For decades now, the Democrats have painted gas and oil producers as whipping boys for the failure of their own party’s policies. This year as pump prices have skyrocketed and every single facet of our economy is suffering from the shortfalls in production, they once again seek others to blame. Sticking with their playbook that nothing is ever their fault, despite the fact that the record is clear that it is, President Biden casts the blame on Putin and the producers.
The record is clear, however, that the shortfalls are the direct result of the administration’s policies. And Exxon’s response to Biden’s blame shifting is telling but incomplete. Noting that the company has been in “regular contact with the administration” it describes the steps it has taken to increase production and expand refinery capacity, something the administration has obviously ignored:
We increased production in the Permian Basin by 70 percent, or 190,000 barrels per day, between 2019 and 2021. We expect to increase production from the Permian by another 25 percent this year. We’re spending 50 percent more in capital expenditures in the Permian in 2022 vs 2021 and are increasing refining capacity to process U.S. light crude by about 250,000 barrels per day – which is the equivalent of adding a new medium sized refinery.
We reported losses of more than $20 billion in 2020, and we borrowed more than $30 billion in 2019 and 2020 to support our investments in production around the world. In 2021, total taxes on the company’s income statement were $40.6 billion, an increase of $17.8 billion from 2020.
The Forbes writer, David Blackmon, goes on to note:
The president of the United States is simply lying to us. The reality is that Exxon and other oil companies are drilling and investing, on a massive scale, both in the United States and worldwide. They pay many billions in local, state and federal taxes. And if the government doesn’t think it’s enough, then Congress can change those laws.
Here are some significant specific actions the administration has taken to reduce gasoline supply, something they expressed pride about as it in their words, will speed the transition to “renewables.” And this cockamamie plan certain to raise gas prices was cheered on by the major media
- Cancelled the Keystone pipeline bringing crude oil from Canada to U.S. refineries
- Pulled three offshore oil lease sales and curbed new drilling this year
- Failed to appeal a judicial ruling revoking drilling leases in the Gulf of Mexico
- Limited fracking
- Issued regulations that strained our already too-limited refinery resources
- Promoted new taxes on oil and gas production
Last month, before the consequences of this lunacy became fully apparent to voters, Biden bragged about these deliberately destabilizing policies. Try diagramming this jumbled thinking:
Out of touch as ever, President Biden celebrated record-high gas prices Monday, gushing that the pump pain was part of “an incredible transition” of the US economy away from fossil fuels. “[When] it comes to the gas prices, we’re going through an incredible transition that is taking place that, God willing, when it’s over, we’ll be stronger and the world will be stronger and less reliant on fossil fuels when this is over,” Biden said during a press conference in Japan following his meeting with Prime Minister Fumio Kishida.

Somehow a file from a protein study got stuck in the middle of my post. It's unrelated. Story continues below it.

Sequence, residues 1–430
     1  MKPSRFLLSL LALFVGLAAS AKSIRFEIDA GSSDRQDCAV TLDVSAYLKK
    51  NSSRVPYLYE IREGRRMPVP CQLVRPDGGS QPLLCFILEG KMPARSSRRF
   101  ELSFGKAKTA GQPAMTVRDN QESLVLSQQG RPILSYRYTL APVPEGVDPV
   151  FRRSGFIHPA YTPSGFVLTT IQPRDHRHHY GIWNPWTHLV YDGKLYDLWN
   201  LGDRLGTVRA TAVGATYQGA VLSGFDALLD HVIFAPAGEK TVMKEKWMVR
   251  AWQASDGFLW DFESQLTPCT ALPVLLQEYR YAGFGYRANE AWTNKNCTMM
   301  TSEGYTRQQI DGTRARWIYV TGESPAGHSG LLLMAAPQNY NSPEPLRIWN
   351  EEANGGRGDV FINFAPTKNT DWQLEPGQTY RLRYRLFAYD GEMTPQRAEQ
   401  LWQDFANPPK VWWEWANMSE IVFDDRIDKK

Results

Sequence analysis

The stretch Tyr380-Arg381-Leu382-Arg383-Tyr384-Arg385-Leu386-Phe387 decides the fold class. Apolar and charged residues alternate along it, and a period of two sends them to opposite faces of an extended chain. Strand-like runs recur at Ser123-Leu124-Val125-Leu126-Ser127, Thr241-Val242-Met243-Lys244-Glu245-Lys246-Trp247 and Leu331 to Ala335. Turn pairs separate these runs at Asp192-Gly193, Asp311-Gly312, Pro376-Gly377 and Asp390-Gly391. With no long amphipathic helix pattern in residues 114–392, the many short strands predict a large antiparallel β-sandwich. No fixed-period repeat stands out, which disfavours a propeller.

The president then insisted that his administration’s actions, rather than increasing the price of gas, had actually been able to “keep it from getting worse — and it’s bad.” Only then did Biden pay lip service to millions of Americans who have found themselves spending thousands of extra dollars to fuel up their vehicles.
The oil industry is fighting back. On Wednesday, the American Petroleum Institute sent the letter below directly to the White House, rebuffing Biden's disgraceful demagogic attacks with facts. Have a look:
Oklahoma senator James Lankford is one who does understand what the major media do not, and smashes the ball right back into Biden’s court:
Twenty-four percent of the oil that we get in the United States comes from those federal leases. So when he has now, still, not re-opened the short-term moratorium on federal leasing, he’s cutting off the future of oil into our country. And it continues to accelerate prices….. And literally, this week, the Biden Administration announces that they want more American companies to do more production, but then this week they release they’re budget after saying to American companies, ‘Why aren’t you producing more oil,’ the Biden Budget has 15 brand-new tax proposals that they’ve got on the production of oil and gas.
And the production is just part of the picture. The petroleum has to be refined. Forty-two years ago I co-authored a book, noting the refinery shortfalls and the need to upgrade and build more refinery capacity. Spoiler alert: we didn’t.
As the editors of the Wall Street Journal report, the president has finally noticed we are short of refinery capacity to process crude, and “a major culprit is U.S. government policy.” When the government insists on an abrupt shift from fossil fuels to tackle a largely imaginary problem of "climate change," it’s hard to justify spending more to upgrade refineries to process crude oil. And then there’s the EPA, which has tightened permitting requirements and demanded steeper mandates for biofuels. But there’s more: having to blend more ethanol requires that refiners must purchase regulatory credits to comply and those credits have increased in price driving some refineries out of business.
If the President wants “concrete ideas” to immediately increase capacity and production, maybe he should reverse policies that are designed by his administration to put producers and refiners out of business? Well, that’s just a thought. The people in this crowd who can’t master the simple math of supply and demand are unlikely to be able to follow this line of reasoning.